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Trayless Dining

Williams is working on numerous sustainability projects, many led by the new Zilkha Center for Environmental Initiatives. The College’s efforts to make Dining Services more envrionmentally-friendly were recognized in a front page article in today’s New York Times. As the article mentions, Driscoll is now trayless; Greylock, Dodd, and Mission Park dining halls will go trayless at the start of the fall semester. The fifth major dining hall on campus, Whitmans’ in the Paresky Center, will not be going trayless in September. It is not set up in the traditional all-you-can-eat buffet style–people pick up their food at once and could not balance all the dishes without trays.



Williams gets a mention in this article about bringing more transparency to the Tufts endowment. Mark Orlowski’s ’04 Sustainable Endowments Initiative is also favorably mentioned. Comments:

1) I think that Williams has done less well on these measure of transparency — public info about holdings and proxy voting — over the last few years. Is that connected to the appointment of Collette Chilton as CIO? I don’t know.

2) Alas, these measures of transparency, as desirable as they may be, do not touch on the heart of the issue: information about allocations, benchmarks and managers.

3) I wish that more reporters would bother to understand that much of the debate in the Tufts article is ridiculous moral preening. See here and here for background. As long as your institution puts a lot of money in hedge funds, venture capital, private equity and the like, you can have only a limitted understanding (if at all) of your involvement with Sudan, Tibet, weapons, tobacco or whatever the cause du jour.


College Sustainability: Williams Gets a B+ (Amherst Too)

The Boston Globe has published an article entitled, “Harvard, Dartmouth, UNH earn high ‘green’ marks,” in which it goes over the College Sustainability Report Card, published by the Sustainable Endowments Institute in Cambridge, MA. Williams received a B+, as did Amherst. Ratings probably of interest to Ephblog readers:


Eph on PBS

Mark Orlowski ’04 might be old news to ephblog readers. His work on sustainable endowments while at Williams and much more so after is worth bringing up again, though, especially when its captured in the soft glow of a PBS camera.

Mark is currently touring the country with Guster. The Campus Consciousnes tour will be stopping in the purple valley this Thursday. Members of the band will be at a town hall forum at 2:30 in Brooks-Rogers before the concert to talk about environmental consciousness and giving out backstage passes for the show.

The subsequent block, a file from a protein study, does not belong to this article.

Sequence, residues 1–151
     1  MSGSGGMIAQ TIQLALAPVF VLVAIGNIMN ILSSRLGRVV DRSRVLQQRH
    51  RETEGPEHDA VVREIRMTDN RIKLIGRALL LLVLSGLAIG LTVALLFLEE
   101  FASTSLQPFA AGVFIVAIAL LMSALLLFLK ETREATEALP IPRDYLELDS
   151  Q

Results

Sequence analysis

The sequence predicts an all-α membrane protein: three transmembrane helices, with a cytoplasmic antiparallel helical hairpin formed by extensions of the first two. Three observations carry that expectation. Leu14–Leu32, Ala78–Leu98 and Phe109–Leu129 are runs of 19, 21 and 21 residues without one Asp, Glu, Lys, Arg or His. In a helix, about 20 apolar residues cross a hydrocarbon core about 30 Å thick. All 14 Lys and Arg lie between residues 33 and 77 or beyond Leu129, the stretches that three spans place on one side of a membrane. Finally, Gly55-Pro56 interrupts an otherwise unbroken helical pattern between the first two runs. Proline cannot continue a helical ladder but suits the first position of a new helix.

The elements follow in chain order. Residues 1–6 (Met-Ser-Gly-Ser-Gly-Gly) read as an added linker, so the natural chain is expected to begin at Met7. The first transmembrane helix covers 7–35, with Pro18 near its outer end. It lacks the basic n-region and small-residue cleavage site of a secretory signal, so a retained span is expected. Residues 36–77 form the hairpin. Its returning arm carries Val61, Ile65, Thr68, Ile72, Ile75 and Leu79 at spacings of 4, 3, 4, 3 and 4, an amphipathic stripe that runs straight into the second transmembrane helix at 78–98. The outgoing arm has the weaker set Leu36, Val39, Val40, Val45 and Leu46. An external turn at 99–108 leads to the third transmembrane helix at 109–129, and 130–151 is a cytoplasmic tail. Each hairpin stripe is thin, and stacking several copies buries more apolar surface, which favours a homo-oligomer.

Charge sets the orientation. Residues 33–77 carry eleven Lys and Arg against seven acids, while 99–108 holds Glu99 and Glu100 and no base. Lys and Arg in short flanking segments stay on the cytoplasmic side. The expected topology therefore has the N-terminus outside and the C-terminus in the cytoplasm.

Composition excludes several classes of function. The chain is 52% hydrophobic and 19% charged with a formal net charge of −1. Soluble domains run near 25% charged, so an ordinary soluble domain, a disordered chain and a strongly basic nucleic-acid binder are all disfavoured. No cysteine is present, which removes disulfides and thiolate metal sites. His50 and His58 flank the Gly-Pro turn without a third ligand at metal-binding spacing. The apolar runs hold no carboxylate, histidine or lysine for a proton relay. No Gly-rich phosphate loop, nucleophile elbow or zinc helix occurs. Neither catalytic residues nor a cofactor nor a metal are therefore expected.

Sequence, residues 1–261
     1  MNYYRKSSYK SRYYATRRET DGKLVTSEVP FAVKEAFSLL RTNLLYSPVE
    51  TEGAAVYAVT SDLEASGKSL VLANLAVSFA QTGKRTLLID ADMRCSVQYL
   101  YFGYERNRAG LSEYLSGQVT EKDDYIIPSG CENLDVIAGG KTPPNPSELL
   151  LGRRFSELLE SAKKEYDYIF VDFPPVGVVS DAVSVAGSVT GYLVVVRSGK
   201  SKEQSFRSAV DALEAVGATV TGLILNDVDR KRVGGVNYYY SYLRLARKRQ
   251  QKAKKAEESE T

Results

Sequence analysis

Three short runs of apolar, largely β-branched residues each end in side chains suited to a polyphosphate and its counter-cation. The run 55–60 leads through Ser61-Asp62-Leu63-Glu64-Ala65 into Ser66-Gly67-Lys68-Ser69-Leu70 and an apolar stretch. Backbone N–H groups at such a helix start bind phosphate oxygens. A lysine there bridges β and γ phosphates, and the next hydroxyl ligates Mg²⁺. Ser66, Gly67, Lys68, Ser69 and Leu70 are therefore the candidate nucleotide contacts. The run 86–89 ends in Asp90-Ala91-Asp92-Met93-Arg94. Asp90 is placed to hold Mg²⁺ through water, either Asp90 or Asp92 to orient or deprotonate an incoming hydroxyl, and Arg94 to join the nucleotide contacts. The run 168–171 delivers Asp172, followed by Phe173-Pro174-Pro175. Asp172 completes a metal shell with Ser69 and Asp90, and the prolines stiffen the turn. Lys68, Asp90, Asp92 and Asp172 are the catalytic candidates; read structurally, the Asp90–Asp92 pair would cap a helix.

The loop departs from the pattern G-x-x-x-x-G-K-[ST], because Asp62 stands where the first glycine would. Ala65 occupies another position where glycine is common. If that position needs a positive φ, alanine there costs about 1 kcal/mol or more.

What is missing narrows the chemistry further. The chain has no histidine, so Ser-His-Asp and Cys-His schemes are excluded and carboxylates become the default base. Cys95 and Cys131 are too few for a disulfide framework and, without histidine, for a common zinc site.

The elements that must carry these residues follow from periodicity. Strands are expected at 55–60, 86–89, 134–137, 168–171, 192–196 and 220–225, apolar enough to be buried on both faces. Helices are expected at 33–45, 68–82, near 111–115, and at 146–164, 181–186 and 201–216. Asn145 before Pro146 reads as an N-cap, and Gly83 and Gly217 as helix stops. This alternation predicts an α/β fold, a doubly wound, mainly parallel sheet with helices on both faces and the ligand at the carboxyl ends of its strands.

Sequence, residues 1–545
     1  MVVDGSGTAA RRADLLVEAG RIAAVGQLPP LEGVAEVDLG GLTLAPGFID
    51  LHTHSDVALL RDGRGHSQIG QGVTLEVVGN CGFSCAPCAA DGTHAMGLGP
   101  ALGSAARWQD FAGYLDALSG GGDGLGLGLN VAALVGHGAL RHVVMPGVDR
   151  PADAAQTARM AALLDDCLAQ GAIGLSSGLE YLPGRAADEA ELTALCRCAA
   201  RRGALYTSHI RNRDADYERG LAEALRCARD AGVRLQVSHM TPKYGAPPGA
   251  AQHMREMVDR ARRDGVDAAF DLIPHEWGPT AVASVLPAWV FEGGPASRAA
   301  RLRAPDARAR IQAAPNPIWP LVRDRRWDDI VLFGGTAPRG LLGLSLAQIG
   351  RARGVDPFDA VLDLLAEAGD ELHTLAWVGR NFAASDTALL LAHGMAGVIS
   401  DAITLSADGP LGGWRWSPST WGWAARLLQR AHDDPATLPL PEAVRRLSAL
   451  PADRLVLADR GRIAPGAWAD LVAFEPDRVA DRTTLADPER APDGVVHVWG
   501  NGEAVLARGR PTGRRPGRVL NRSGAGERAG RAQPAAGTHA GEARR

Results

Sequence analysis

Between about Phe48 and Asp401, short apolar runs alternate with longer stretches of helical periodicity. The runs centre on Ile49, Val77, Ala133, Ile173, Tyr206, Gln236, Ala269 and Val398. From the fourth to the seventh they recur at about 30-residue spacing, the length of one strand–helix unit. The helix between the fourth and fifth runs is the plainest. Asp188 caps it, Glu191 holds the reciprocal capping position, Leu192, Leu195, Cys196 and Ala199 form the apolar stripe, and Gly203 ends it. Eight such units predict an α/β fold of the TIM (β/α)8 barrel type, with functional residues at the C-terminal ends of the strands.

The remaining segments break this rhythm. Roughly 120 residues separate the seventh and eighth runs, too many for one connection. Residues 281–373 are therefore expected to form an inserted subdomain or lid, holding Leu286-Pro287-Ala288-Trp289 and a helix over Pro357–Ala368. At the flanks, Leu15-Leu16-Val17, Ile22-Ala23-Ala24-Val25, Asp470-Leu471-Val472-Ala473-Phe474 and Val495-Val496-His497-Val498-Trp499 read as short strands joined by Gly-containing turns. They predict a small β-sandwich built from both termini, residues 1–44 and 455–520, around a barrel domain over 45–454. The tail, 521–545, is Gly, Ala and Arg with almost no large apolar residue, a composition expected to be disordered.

Big Day for Williams Sustainability

college sustainability report card.jpg
Two major events occured today to elevate sustainability to the forefront of Williams. The first was President Schapiro’s announcement to the college of the Climate Action Plan. The trustees met this weekend to discuss and unanimously passed a plan to reduce college CO2 emissions 10% below 1990 levels (or about 50% below today’s levels) by 2020. That letter can be found here

The second item was the release of the College Sustainability Report Card. The Report Card examines and grades 100 schools across the United States and Canada on criteria including climate change policies, green building, and investment practices. It was produced by the Sustainable Endowments Initiative which is run by Mark Orlowski ’04. I’m not sure if his connection to Williams swayed his organization’s report, but Williams was one of only 4 schools to recieve an A-, the highest grade awarded. More can be found and the full report can be downlaoded here or here



Mark Orlowski ’04 gets a nice write-up in an Associated Press story about student activism about college endowments. Orlowski is one of the founders of the Responsible Endowments Coalition.

Students and graduates of about two dozen colleges and universities have banded together to help one another and other schools adopt socially responsible investing policies.

“What we found was that many of us were working on the same issues and didn’t know about it,” said Mark Orlowski, a Williams College senior and a founding member of the coalition.

For decades, student activists involved in a wide array of causes have pressured their schools to change their investment policies. In the 1980s, for example, anti-apartheid student activists criticized schools’ investments in South Africa.

But there has been no umbrella organization to unite the student activists and allow them to share information and resources.

Orlowski said schools had not been active in pressuring companies they invested in to change their policies. He knew of only one instance in about the last six years in which a school filed a shareholder resolution to ask a company to change or research a policy.

“While religious communities are filing resolutions every year left and right, the higher education community has been sitting on the sidelines. They’re barely in the stadium,” he said.

As best I can tell, Orlowski’s efforts here have nothing to do with the Williams Social Choice Fund, although perhaps there is some connection. My opinions about the (lack of) desirability of this sort of stuff haven’t changed much in the last 6 months (or 20 years). Keep politics out of the endowment.

A cynic might suggest that the main function of the Responsible Endowments Coalition is to pad the resumes of its founders — not that there is anything wrong with that! Orlowski, at least, has done some interesting work on the ACSR at Williams, especially on increasing the transparency of the College’s portfolio. In fact, the College’s portfolio as of June 2000 is available on-line.


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